♦Headquarters: New York City ♦Industry: Tobacco ♦US Employees: 57,000 ♦Retirement Plans

–Outstanding profit-sharing plan, including
annual contributions equal to 13 percent to 15 percent of an employee’s pay. Employees may contribute an additional 8 percent of their salary into a tax-deferred savings plan. A traditional pension plan is offered.

♦Tax-exempt system aimed at providing
meaningful protection to its members and their beneficiaries against the hazards of disability, sickness, maternity, old age, death and other contingencies resulting in loss of income or financial burden. ♦Compulsory to all employees not over sixty years of age and their employers ♦Social Security Law of 1997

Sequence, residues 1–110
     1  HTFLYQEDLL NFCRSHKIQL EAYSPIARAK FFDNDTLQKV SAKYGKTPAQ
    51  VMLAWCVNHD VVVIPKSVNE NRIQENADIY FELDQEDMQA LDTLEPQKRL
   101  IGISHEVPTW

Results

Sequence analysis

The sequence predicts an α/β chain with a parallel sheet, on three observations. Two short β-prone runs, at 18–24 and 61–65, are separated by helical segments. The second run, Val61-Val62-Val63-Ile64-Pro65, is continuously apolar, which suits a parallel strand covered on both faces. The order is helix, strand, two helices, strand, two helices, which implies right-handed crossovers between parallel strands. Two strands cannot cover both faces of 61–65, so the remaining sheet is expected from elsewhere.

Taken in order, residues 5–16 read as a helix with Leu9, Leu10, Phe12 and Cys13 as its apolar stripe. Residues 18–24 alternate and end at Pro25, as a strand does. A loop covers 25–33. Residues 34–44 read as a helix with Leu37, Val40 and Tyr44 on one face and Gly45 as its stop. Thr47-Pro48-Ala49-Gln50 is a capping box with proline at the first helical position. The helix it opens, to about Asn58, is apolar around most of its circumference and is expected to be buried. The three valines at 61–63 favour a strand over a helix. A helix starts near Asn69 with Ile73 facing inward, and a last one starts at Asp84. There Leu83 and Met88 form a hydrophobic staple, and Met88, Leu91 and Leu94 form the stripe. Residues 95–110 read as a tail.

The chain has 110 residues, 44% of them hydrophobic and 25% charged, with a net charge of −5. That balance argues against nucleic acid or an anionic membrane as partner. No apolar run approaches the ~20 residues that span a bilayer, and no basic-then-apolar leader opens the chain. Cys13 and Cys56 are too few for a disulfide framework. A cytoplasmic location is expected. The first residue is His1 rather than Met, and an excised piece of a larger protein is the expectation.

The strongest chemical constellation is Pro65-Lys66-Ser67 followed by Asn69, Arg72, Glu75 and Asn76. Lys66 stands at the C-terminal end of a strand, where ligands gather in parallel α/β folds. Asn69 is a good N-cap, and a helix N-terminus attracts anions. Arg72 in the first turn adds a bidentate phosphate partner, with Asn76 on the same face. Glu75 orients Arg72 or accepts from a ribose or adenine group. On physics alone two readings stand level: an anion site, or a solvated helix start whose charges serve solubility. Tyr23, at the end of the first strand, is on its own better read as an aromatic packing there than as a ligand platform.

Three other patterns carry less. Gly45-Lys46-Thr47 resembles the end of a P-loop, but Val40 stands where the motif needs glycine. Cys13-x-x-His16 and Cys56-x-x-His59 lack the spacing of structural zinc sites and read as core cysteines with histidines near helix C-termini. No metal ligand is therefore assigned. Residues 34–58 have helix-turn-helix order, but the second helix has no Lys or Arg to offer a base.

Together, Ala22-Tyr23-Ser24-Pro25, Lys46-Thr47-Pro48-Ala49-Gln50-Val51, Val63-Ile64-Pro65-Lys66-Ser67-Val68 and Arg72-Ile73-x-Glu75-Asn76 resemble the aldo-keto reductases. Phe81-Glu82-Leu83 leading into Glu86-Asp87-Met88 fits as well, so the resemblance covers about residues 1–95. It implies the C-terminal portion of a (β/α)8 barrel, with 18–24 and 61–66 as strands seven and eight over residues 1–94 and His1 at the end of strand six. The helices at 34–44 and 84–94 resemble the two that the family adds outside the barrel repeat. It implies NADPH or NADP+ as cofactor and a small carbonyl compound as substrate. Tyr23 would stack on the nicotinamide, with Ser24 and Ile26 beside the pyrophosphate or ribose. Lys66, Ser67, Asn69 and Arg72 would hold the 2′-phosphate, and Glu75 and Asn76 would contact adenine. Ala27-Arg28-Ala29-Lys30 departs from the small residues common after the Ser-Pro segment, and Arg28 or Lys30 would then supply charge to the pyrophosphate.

♦Health Care –Philip Morris employees receive family health
coverage: $77 for fee-for-service, HMO, and POS plans. There is a staff ombudsman available to assist employees in resolving problems with health care providers. An employer-sponsored health plan is offered for retirees.

♦Special Features –The company offers free life insurance with
death benefit equal to twice the employee’s annual salary, with no cap. Top and middle managers are granted stock options. The Labor Code of the Philippines ♦Book Four: Health, Safety and Social Welfare Benefits ♦Title II Employees Compensation and State Insurance Fund ♦Chapter V Medical Benefits –Art. 185 Medical Services –Art. 186 Liability –Art. 188 Refusal of examination or treatments –Art. 189 Fees and other charges –Art. 190 Rehabilitation Services


♦Health insurance program for SSS members
and their dependents who get sick and injured and require hospitalization.

♦Every employer is also required to pay

monthly contributions and to deduct or withhold from the employee’s monthly compensation his or her contribution Employees Compensation Program

♦Aims to assist workers who suffer work
connected sickness or injury resulting in disability or death